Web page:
Currently live where?
Anything else, like website/blog/Twitter you are ok sharing?
What do you do when you’re not working on packets?
Read for fun! Visit used bookshops. Browse the library. Play the piano.
How did you hear about the Hamline MFAC Program?
I was searching for an MFA program in creative writing and found Hamline, which focused on writing for children and young adults – my favorite genre to read and write. After reading through the program’s website (and all the Meet the Grad interviews on the Storyteller’s Inkpot!), I felt like I’d found my place.
What was your writing experience prior to entering the program?
Writing has always been a part of my life. I was writing before I had even learned how to form letters, as my childhood notebooks full of nonsensical scribbly lines can attest! Though I don’t remember them now, back then, I could have “read” to you from the stories in those notebooks. In elementary school, I used to write and illustrate little stories in notebooks or on ripped out pages bound with staples or yarn and a hole punch. In high school, I toiled away for years on a YA sci-fi manuscript (that still remains unfinished and is full of embarrassing clichés!). In college, I majored in Creative Writing & Literature and my undergrad thesis was a YA fantasy about royals who harness magical powers through musical instruments. It was inspired by characters I dreamt up in middle school, but transformed into something much more intricate after I took a class on the physics of music to fulfill my university’s general science requirement.
What do you especially remember about your first residency?
I felt so inspired by all the creativity surrounding me in the lectures and workshops that it even seeped into my dreams. I remember waking up one morning during the middle of residency after having a dream about two siblings rushing to catch the sunrise so they could watch the stars fade away. I didn’t yet know what the story was or who these characters were, but I immediately rushed over to my desk and jotted down everything I could remember. This dream is now the first scene of my creative thesis.
I also remember sitting with my cohort on a half-circle bench surrounded by yellow flowers, getting to know one another. I loved walking around campus in between lectures and admiring Hamline’s beautiful campus. There are so many hidden treasures of nooks and crannies full of potential stories. I remember thinking: This is a place where writers belong.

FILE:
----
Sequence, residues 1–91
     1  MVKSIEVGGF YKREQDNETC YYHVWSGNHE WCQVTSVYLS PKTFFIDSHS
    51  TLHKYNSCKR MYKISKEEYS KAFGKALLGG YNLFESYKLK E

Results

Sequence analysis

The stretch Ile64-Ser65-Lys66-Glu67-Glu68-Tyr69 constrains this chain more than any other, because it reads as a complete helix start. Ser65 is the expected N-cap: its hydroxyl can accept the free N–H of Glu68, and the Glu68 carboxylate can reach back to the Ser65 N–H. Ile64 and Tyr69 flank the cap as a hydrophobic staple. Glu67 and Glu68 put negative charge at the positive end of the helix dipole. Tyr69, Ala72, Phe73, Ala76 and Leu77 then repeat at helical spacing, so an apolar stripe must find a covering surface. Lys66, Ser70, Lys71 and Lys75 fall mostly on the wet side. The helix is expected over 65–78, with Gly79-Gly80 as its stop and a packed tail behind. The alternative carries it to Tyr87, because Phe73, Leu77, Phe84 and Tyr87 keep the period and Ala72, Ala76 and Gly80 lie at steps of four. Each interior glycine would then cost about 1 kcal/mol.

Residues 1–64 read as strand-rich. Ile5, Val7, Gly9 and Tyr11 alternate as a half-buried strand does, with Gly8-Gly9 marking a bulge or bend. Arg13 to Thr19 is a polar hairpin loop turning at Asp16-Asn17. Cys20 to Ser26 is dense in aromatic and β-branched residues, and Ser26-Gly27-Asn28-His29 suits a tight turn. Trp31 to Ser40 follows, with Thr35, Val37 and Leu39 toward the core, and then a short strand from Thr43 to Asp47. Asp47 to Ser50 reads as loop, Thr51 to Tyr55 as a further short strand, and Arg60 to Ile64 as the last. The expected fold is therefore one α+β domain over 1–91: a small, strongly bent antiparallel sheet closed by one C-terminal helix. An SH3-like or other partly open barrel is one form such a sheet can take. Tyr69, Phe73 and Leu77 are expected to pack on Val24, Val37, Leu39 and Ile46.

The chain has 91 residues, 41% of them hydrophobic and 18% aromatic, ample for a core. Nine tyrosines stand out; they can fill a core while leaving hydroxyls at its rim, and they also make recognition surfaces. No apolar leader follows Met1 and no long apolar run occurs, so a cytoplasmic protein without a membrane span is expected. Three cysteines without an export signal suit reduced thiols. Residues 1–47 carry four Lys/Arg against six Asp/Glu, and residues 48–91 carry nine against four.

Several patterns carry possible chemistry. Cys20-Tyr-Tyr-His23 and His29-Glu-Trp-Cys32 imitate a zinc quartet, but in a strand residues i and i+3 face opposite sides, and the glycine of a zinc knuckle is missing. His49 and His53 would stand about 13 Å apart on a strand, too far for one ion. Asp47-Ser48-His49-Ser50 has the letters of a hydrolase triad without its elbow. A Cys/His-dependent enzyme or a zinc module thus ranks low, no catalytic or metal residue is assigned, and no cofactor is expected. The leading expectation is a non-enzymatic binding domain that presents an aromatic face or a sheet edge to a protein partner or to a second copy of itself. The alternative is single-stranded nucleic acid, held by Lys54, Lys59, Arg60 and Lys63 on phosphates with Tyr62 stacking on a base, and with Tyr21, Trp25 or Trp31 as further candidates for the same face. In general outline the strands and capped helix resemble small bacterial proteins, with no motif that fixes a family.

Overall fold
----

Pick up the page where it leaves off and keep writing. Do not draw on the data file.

Have you focused on any one form (PB, novel, nonfiction, graphic novel) or age group in your writing? Tried a form you never thought you’d try?
I came into the program only ever having written YA and thinking that was all I ever could/wanted to write. But I felt so encouraged by the faculty and upperclassmen, who talked about trying new forms and just having fun experimenting with their writing. In my second semester, I started drafting a Middle Grade fantasy and even did a few picture books! Some of my best work in this program has come out of being open to new forms. In my third and fourth semesters, I continued to work on my MG project and now it is my creative thesis!
Tell us about your Creative Thesis.
My creative thesis, The Special One, is a Middle Grade fantasy about Emeline and Everett, two siblings who visit the wildflower hill every morning to watch their parents’ constellation disappear. The Sorcerer offers healing star energy in exchange for the life of a loved one and seven years ago, Emeline and Everett’s parents sacrificed themselves to the stars in order to save Grandfather’s life. The prophecy inscribed on Mira’s Temple steps tells of the Special One, a hero destined to free all those who are entrapped in the sky. One day, during dawn appeals, Mira’s stone statue comes to life and grants the enchanted key that begins the Special One’s quest. Alongside Aiden, a mysterious stranger with his own plans for the key, Emeline and Everett embark on an adventure to complete Mira’s tasks before their parents and the rest of the Lost remain trapped in their starry forms forever.
What changes have you seen in your writing during your studies?
So many changes! I learned how to truly stand with my characters – see what they see, feel what they feel – and allow the reader to do the same. I learned to question every plot point and see how it serves the character’s motivation and gives them agency. I learned to listen to the heartbeat of the story – it knows the way.
Any thoughts for entering students or for people considering the program?
I would say that if you love writing, especially for children and young adults, Hamline is the best place you could find yourself. The faculty and community encourage you to try new things and be the best writer you can be. So if you daydream in stories, if you scribble down plot solutions on your lunch break, if your characters are your companions, if you have a writer’s heart – then you belong here.